Injected live-attenuated vaccines such as measles-mumps-rubella (MMR), measles-mumps-rubella-varicella (MMRV) and varicella (chickenpox) vaccination may be affected by circulating antibodies in immunoglobulin therapy or blood products. This includes normal human immunoglobulin therapy for conditions like Kawasaki’s disease or a blood transfusion for treatment of a medical condition.
There are recommended intervals between either immunoglobulins or blood products and administration of injected live attenuated vaccines. (see resource link below)
For some patients under the care of a haematologist, and requiring regular red-blood cell transfusions as maintenance therapy for a chronic condition, it may be considered appropriate to proceed with immunisation of a live-attenuated vaccine. Please refer to your haematologist or an immunisation specialist for specific advice.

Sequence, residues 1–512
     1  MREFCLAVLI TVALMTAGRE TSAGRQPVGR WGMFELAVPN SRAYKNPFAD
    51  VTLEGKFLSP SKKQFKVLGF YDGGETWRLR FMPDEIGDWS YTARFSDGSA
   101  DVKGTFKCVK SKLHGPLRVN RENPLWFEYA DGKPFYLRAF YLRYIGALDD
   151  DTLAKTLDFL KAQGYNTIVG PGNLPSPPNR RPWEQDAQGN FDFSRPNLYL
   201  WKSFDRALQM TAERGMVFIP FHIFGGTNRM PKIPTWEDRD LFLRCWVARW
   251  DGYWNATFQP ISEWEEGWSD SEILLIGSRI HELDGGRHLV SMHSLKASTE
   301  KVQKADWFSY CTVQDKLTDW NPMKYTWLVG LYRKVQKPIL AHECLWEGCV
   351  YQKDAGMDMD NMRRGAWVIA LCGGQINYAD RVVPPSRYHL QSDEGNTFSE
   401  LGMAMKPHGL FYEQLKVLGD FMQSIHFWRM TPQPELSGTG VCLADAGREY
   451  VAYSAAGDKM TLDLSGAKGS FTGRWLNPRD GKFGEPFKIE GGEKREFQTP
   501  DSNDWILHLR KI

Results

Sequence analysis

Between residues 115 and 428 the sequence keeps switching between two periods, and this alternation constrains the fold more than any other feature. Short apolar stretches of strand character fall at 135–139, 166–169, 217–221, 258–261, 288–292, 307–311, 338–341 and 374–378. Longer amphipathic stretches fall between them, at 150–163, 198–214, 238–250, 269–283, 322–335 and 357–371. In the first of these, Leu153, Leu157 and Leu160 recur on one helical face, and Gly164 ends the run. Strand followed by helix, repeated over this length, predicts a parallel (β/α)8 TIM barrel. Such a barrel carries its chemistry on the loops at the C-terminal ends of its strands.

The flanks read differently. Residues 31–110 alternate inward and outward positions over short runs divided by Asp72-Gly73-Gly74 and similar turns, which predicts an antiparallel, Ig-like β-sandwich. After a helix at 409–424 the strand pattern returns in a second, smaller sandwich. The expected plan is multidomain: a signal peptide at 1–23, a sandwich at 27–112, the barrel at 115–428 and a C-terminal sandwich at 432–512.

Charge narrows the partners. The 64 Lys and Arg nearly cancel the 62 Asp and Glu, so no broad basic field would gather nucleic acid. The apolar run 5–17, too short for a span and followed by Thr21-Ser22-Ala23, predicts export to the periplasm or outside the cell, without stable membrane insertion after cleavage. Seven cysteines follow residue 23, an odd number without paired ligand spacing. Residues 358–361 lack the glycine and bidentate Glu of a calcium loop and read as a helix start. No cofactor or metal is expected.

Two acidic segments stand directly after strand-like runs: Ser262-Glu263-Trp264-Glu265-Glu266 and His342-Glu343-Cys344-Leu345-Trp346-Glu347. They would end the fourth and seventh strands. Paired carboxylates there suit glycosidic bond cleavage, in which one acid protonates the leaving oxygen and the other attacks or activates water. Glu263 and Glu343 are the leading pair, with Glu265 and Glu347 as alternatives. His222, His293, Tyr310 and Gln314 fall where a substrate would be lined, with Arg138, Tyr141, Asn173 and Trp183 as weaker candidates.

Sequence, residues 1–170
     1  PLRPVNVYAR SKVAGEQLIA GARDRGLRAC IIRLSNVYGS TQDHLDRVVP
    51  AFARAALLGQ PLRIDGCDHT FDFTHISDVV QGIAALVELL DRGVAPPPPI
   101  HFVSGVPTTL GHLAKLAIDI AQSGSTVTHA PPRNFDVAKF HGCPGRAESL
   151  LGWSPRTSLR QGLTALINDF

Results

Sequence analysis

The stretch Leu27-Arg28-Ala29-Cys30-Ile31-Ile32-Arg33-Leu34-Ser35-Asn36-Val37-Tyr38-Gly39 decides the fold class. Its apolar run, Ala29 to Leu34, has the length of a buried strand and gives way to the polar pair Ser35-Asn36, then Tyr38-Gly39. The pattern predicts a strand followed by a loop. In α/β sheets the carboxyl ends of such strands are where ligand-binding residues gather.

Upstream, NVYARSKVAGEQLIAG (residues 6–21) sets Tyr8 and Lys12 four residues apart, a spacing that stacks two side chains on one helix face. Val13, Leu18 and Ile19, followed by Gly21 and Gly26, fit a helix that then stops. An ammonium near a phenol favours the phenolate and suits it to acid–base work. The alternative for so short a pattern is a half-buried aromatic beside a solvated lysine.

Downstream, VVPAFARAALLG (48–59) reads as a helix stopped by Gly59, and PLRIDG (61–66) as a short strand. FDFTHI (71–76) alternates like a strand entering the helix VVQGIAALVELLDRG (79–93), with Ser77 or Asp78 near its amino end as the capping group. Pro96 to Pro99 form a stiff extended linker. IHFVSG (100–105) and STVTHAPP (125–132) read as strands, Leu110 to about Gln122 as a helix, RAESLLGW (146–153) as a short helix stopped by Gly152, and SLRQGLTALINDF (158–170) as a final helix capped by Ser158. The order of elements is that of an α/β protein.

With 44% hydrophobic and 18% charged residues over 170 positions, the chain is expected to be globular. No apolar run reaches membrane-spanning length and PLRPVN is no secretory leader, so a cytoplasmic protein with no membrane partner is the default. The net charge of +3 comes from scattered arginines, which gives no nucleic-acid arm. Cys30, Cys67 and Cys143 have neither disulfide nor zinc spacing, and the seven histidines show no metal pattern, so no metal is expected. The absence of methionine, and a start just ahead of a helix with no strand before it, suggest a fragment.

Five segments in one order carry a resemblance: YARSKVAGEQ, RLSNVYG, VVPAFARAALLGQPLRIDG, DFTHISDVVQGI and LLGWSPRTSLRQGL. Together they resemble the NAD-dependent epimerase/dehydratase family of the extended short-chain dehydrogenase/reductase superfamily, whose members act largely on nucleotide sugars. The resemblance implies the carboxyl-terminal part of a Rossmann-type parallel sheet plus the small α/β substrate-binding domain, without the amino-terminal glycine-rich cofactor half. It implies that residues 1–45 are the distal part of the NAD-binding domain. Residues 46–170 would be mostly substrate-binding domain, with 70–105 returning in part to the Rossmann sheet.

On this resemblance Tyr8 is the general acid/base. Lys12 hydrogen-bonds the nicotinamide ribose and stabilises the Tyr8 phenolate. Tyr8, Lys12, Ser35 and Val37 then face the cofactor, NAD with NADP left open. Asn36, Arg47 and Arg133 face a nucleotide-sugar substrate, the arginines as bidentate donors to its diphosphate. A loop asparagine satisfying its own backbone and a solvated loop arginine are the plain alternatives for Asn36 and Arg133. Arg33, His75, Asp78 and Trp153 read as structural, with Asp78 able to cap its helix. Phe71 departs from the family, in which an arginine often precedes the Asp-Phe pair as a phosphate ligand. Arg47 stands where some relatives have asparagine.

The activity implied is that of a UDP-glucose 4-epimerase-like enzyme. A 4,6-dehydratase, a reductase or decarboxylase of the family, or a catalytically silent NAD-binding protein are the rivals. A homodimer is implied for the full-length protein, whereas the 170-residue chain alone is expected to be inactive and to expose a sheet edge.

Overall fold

Note that inactivated (non-live) vaccines can be safely administered following immunoglobulins or blood products.
- Australian Immunisation Handbook: Intervals between immunoglobulins or blood products and MMR, MMRV or varicella vaccination
- Australian Immunisation Handbook: Vaccination for people who have recently received normal human immunoglobulin and other blood products
Reviewed by: Nigel Crawford (Director, SAEFVIC, Murdoch Children’s Research Institute) and Rachael McGuire (SAEFVIC Research Nurse, Murdoch Children’s Research Institute)
Date: September 2018
Materials in this section are updated as new information and vaccines become available. The Melbourne Vaccine Education Centre (MVEC) staff regularly reviews materials for accuracy.
You should not consider the information in this site to be specific, professional medical advice for your personal health or for your family’s personal health. For medical concerns, including decisions about vaccinations, medications and other treatments, you should always consult a healthcare professional.